I've never written a post like this, but I think it's worth writing something about 2017 now that we entered 2018. This is not just for you, also for myself, to take a step back and see what I've done (or not). There are many things I wanted to talk about so I just divided them into their respective sections. Let us start with my family.
Our little lion: My son Alper
We have a little son since April 2016. Since then, my son grew and I can't still wrap my head to think how everything went so fast. I work from my home, therefore my interactions with my son are very different and rewarding.
As Alper started to grow, we had to make a lot of adjustments throughout our apartment. Especially when he started to walk around. Some of the things that comes to my mind to make the environment more safer for him are:
- We lock our main house door now. In addition, I also lock my office room from inside as he usually tries to first open my door (because I have music and headphones). He is a great distractor.
- All shelves under one meter with pokey items or things we believe could harm him are either locked or emptied. Ikea has really great products to lock things that don't have locks by themselves. For example, we use this multi latch item a lot.
- Some tables have now corner bumps to prevent Alper hitting sharp corners (we use these from IKEA)
- All wall outlets have safety plugs to prevent Alper sticking small items or playing with them.
Of course, life is not just about safety. One of my most favorite things to do is to play with Alper whenever I can. We even dedicated one portion of our living room entirely to him with full of light. It's winter right now, so we wanted to provide him a place where he could hide, build things or just do nonsense things (for us adults) without any limitation.
Working remotely and having a kid is the best thing and the most exhausting thing you can experience. It's great to see how your little child grows and how you can literally spend time with him. Unless some other parents, I see my son every single day from dawn to sunset.
With all great things, it also has its up and downs of course. As Alper grew and he started to crawl, he detected that I'm always in that one room (office room). Now that he can walk and can reach door handles and open doors by himself, I've started to see random interrupts where a little boy came into my room, laughing and wanting to listen to music with me. The temptation to resist is not easy.
I'm now locking my door from inside during my work hours so he can't disturb me anymore. I'm not sure how things are going to evolve, but so far to any change I made, he found a counter-attack and was able to mitigate in a way I didn't imagine. Let's see how he plans to bypass my locked door.
Another point is how less time I have now because how much care Alper needs. He is still a baby and requires constant attention and the care of his parents. Previously in the evenings, I would have time to hack on vim-go or on any other new project, but nowadays this is not the case anymore. I have to make sure to plan ahead how I can spend my time. Sometimes I say myself that I want to work on something in the evenings, but when the times comes I'm left out of energy and barely want to do anything anymore. I'm going to take some precautions to make it better (see conference sections).
Just like any other ordinary parent, I can speak about Alper all day long. So I'll stop here (p.s: arslan means "lion" in english, hence my little lion ;))
I really like traveling. We usually do two big family trips per year (one overseas and one domestic). We also do 1–2 day weekend trips in Turkey to various other cities (Bolu, Istanbul, Adana, etc..). Each city in Turkey has it's own kind of food (i.e Adana with its kebabs) or environment (i.e Bolu with its mountains and forests). All these combined help us to get some energy and rest from our day to day work. Also, life is not just about work.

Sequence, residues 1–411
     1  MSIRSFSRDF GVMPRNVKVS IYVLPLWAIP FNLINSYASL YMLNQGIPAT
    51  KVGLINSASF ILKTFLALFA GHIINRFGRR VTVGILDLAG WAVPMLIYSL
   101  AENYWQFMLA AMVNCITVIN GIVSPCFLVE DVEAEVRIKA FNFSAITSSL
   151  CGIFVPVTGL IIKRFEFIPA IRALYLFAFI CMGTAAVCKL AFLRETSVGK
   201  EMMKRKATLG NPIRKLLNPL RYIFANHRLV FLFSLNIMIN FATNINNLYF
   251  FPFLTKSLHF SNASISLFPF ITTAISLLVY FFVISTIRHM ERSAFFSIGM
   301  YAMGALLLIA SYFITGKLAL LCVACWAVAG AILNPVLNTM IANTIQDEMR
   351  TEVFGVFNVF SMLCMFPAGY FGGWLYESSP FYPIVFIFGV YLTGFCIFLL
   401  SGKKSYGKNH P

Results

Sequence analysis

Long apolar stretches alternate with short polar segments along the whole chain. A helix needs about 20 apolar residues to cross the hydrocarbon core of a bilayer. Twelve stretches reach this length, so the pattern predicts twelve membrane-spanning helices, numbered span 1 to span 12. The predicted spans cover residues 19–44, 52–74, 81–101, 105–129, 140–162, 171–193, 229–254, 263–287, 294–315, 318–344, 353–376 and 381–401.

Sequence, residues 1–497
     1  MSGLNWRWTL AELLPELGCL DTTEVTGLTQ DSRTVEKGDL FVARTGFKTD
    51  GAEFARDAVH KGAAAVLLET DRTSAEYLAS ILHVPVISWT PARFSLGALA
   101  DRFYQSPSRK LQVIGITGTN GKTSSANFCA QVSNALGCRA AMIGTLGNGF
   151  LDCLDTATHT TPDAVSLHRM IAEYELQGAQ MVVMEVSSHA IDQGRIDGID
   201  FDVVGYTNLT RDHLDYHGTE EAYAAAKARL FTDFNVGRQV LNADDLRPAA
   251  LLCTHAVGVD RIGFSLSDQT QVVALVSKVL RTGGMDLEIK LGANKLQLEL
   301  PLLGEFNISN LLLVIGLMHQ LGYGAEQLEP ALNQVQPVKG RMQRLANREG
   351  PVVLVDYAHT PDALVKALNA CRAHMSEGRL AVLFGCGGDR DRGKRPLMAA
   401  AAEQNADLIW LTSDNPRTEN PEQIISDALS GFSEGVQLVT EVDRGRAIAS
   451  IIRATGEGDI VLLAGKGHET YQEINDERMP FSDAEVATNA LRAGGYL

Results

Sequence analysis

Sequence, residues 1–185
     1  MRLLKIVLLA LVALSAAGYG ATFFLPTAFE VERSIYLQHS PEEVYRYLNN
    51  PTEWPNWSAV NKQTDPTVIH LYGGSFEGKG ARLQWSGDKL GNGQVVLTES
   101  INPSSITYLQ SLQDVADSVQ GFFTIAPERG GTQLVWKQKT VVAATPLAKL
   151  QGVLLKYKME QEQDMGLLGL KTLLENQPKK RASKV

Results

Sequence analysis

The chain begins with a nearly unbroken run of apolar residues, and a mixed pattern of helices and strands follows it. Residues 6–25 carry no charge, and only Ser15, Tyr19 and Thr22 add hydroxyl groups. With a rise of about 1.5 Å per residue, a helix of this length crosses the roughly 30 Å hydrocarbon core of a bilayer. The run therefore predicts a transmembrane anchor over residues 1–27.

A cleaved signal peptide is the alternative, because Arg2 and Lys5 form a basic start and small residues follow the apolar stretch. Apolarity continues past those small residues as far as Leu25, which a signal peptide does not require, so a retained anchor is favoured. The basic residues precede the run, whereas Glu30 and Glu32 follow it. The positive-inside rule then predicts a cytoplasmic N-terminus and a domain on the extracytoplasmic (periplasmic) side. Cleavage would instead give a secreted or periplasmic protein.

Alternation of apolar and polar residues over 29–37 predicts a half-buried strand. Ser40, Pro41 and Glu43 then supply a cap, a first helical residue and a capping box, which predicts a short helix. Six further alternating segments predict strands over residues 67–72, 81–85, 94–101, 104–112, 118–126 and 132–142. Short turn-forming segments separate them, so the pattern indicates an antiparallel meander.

Before Alper, it was just Zeynep, my wife, and me. However, with Alper, everything has changed quite a bit. It was hard to adjust to the initial trips. because we didn't know how a one-year-old baby would act in the public for a long time far away from its home. If it was difficult for us, I imagine it was the same for Alper as well.
For example, we were in Germany (Munich) and Czech (Prague), throughout our vacation Alper mostly was on the stroller as he couldn't walk back then. We went with some friends there and it also created some burden to them. But it was a great experience for all of us. Traveling with a kid is not easy. However, I'm a strong believer that no parents should change their personal lives dramatically unless it's required. Life should continue how it was previously and we should adapt continuously to the new challenges.
Speaking & Conferences
This year was the year of conferences for me. I've started first speaking internationally at DotGo 2015, Paris. Since then I've tried my best to deliver great talks on various different subjects (but mostly Go tooling). After giving tens of talks, I can now say that I'm much more relaxed and I know how to give talks.
I've attended a lot of conferences in 2017. As always, I've tried to give a talk about a subject I believed was interesting. In 2017 I've visited the following conferences
- Golab (Florence, Italy)
- GopherCon (Denver, U.S.)
- GothamGo (NYC, U.S.)
- VimConf (Tokyo, Japan)
- GoCon (Tokyo, Japan)
I've received a lot of invitations from other countries as well (thanks all!), but I had to, unfortunately, reject them as I didn't have the time. I wish I had more time, but now that I'm a father, I want to spend more time with my family and our little lion. Also, I'm not a developer advocate, so speaking is not what I do full time.
On average I'm spending 4–5 weeks for preparing my talks and it takes a lot of time and patience to prepare something that is worth presenting to others. It's not easy and very time-consuming. I'm not sure how long I can sustain this, giving the fact that I have many other things to do.
To conclude, I don't plan to give any public talks in 2018 anymore (except a local one here in Ankara soon as I've promised them). I'm planning to re-spend this time towards my current open-source projects (more on this later), to write more technical blog posts and work on new upcoming projects I have in my mind. I know that many people in the Go community would like to have me for their upcoming conferences, but I plan to take a step back and spend more time on things I believe need more time.
I really like open source. Open source was the reason I'm here and how I can earn money for my family and myself. That's why I always think it's never late to give back. I'm now doing open source work for almost 10 years with various kind of projects.
In 2017, I've created a new Go tool called gomodifytags. This was a huge success and was adopted by all mainstream editors (vscode, emacs, atom, etc..). Some of you know that I'm also the author & maintainer of vim-go. Observing how something that is not vim related was also adopted by other editors made me very